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File I-485 Application Despite the Violation of Nonimmigrant Status

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  • File I-485 Application Despite the Violation of Nonimmigrant Status

    Section 245(k) of the Immigration and Nationality Act allows those nonimmigrant, who either violated the nonimmigrant status or engaged in unauthorized employment for a period of less than 180 days since their "last admission" to the United States, to file EB-485 application despite their violation of nonimmigrant status.

    This relief, however, needs further analysis to understand eligibility of this benefit in each individual case.

    Starting date of counting of violation of status or unauthorized employment before "filing" of EB-485: It is the date of the latest admission to the U.S. Accordingly, any violations during the previous admissions prior to the latest admission are not aggregated and counted in determination of 180 days.

    Violation of Status or Unauthorized Employment is "aggregated" and does not have to be continuous: The aggregation of 180-day violation involves two issues: One is eligibility of "filing" of EB-485 application and the other is eligibility of "approval" of EB-485.

    Eligibility of EB-485 Application "Filing": For the purpose of the eligibility of filing of EB-485, 180-day only includes the violation prior to filing of EB-485 application. Accordingly, those who violated less than 180 days "prior to filing of EB-485" are eligible to submit EB-485 application.

    Eligibility of EB-485 "Approval": It is one thing whether one is eligible for submission of EB-485 application and it is the other whether one is eligible for approval of EB-485 application at the last moment of adjudication. Filing of EB-485 "tolls" running of unlawful status.

    However, it is the current view and interpretation of the 245(k) provision of the USCIS that any violations post to filing of EB-485 "aggregate" to the violations prior to the filing of EB-485 and any unauthorized employment post to the filing of EB-485 will continue to accumulate and aggregate until the time EB-485 is actually adjudicated.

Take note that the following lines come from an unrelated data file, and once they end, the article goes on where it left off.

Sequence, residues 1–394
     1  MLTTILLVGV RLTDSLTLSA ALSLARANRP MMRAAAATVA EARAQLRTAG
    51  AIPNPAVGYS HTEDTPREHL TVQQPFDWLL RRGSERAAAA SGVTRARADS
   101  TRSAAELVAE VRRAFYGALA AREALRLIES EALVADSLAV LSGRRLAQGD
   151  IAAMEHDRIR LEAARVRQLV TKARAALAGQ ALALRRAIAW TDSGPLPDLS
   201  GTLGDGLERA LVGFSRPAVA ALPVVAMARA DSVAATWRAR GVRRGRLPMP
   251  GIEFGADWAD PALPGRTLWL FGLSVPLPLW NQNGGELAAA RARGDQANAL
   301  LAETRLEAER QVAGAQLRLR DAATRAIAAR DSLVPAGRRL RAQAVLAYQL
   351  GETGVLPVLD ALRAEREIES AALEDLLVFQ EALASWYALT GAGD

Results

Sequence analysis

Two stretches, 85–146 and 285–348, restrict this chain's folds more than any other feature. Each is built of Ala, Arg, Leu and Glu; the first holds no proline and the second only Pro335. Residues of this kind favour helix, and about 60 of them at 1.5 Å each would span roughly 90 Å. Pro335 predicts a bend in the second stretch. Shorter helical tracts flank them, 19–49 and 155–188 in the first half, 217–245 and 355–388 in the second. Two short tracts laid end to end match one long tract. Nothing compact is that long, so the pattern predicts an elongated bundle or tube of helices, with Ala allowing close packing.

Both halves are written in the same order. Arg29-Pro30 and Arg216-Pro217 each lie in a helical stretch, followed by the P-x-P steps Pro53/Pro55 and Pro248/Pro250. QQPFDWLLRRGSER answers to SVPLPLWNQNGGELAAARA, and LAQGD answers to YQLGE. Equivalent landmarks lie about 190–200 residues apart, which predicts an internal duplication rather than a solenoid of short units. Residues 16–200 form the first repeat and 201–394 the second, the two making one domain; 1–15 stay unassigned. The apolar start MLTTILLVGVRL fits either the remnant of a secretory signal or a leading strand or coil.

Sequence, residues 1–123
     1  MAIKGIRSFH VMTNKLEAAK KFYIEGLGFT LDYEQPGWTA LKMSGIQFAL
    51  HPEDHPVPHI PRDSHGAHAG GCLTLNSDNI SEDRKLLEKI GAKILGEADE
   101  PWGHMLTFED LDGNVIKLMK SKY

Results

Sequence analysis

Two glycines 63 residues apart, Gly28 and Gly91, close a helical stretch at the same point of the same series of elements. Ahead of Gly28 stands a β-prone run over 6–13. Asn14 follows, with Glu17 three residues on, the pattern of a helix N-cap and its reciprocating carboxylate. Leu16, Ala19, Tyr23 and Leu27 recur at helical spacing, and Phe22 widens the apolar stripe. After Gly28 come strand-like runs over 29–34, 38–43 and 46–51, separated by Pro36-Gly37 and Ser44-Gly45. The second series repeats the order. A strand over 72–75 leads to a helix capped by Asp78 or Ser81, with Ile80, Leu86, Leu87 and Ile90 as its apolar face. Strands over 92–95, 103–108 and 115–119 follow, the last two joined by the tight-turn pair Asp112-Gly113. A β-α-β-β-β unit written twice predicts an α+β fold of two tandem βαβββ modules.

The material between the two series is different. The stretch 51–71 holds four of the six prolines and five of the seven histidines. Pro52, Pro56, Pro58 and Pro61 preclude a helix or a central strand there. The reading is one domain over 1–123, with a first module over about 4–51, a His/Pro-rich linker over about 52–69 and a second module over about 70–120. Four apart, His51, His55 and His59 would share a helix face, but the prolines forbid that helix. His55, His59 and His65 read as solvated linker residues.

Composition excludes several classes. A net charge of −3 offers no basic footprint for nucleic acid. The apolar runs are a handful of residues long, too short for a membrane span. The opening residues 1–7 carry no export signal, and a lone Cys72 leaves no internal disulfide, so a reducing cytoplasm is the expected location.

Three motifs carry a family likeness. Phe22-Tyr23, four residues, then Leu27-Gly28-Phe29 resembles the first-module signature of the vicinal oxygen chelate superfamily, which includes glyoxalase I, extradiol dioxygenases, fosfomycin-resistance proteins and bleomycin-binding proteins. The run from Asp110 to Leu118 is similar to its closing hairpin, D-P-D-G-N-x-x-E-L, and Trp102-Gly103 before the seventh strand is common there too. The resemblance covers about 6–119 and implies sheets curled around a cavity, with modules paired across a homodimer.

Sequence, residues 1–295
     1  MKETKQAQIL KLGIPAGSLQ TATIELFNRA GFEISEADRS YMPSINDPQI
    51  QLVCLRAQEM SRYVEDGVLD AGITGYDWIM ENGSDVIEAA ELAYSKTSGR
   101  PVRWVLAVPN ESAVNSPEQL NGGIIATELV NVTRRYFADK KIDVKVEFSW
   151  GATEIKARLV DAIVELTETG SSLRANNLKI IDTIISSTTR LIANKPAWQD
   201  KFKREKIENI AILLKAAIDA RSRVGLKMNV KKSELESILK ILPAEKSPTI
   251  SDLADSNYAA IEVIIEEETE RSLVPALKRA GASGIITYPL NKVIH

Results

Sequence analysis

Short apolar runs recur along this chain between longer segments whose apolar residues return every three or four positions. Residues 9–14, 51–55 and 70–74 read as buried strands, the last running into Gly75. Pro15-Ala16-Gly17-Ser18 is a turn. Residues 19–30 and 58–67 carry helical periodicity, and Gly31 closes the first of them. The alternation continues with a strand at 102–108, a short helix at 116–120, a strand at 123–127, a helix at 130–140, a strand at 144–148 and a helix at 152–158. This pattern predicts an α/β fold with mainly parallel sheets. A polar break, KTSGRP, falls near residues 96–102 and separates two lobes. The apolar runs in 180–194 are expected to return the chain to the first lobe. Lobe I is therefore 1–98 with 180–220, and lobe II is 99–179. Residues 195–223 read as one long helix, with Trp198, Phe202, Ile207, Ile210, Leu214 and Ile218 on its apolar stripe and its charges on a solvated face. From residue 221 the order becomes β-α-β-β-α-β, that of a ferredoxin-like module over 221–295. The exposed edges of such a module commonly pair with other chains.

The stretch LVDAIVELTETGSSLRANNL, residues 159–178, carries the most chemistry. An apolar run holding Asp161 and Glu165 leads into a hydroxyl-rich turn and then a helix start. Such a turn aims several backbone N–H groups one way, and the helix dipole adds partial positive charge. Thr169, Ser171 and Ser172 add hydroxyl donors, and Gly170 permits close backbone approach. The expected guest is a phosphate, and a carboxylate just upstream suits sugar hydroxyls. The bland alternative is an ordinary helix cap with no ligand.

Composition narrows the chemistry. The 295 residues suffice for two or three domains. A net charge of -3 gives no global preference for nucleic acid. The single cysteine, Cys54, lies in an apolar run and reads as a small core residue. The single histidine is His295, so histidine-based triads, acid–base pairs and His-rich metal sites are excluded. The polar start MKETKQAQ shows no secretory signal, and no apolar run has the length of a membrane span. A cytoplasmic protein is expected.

For these reasons, EB-485 applicants and their family members have recently been receiving RFE asking them to submit the evidence of employment authorization just before the final adjudication of EB-485 applications.

    Because of this policy of aggregation of profiling and post filing period of unauthorized employment, those who were successfully able to file EB-485 application because of less than 180 days of unauthorized employment at the time of EB-485 application may face denial of EB-485 applications because of 180-day unauthorized employment because of their period of unauthorized employment after filing of the EB-485 applications.

    Accordingly, if a 485 applicant engages in unauthorized employment after expiration of EAD or violation of H-1B or L-1 and engaging in unauthorized employment without possessing EAD, the unauthorized employment period continues to accumulate and aggregate for the purpose of 245(k) eligibility. The situation which is particularly troublesome is the employment during the gap of expiration of the current EAD and the issuance of a new EAD renewal.

    The USCIS views such period as unauthorized employment for the purpose of 245(k) eligibility. It is thus imperative that those who successfully filed EB-485 applications for less than 180-day unauthorized employment prior to the filing of EB-485 applications should never engage in unauthorized employment even after the filing of EB-485 application until the 485 application is finally approved. If there is a gap between the expiration of current EAD and issuance of the new EAD, they should stop employment during the period.

    At the same token, those who violate a H-1B status and do not possess a valid EAD should also cease employment until the EAD is applied and issued or new H-1B is filed (in the context of AC-21 portability) or new H-1B petition is approved (if a change of status to a new H-1B from other nonimmigrant status).

    Also see:
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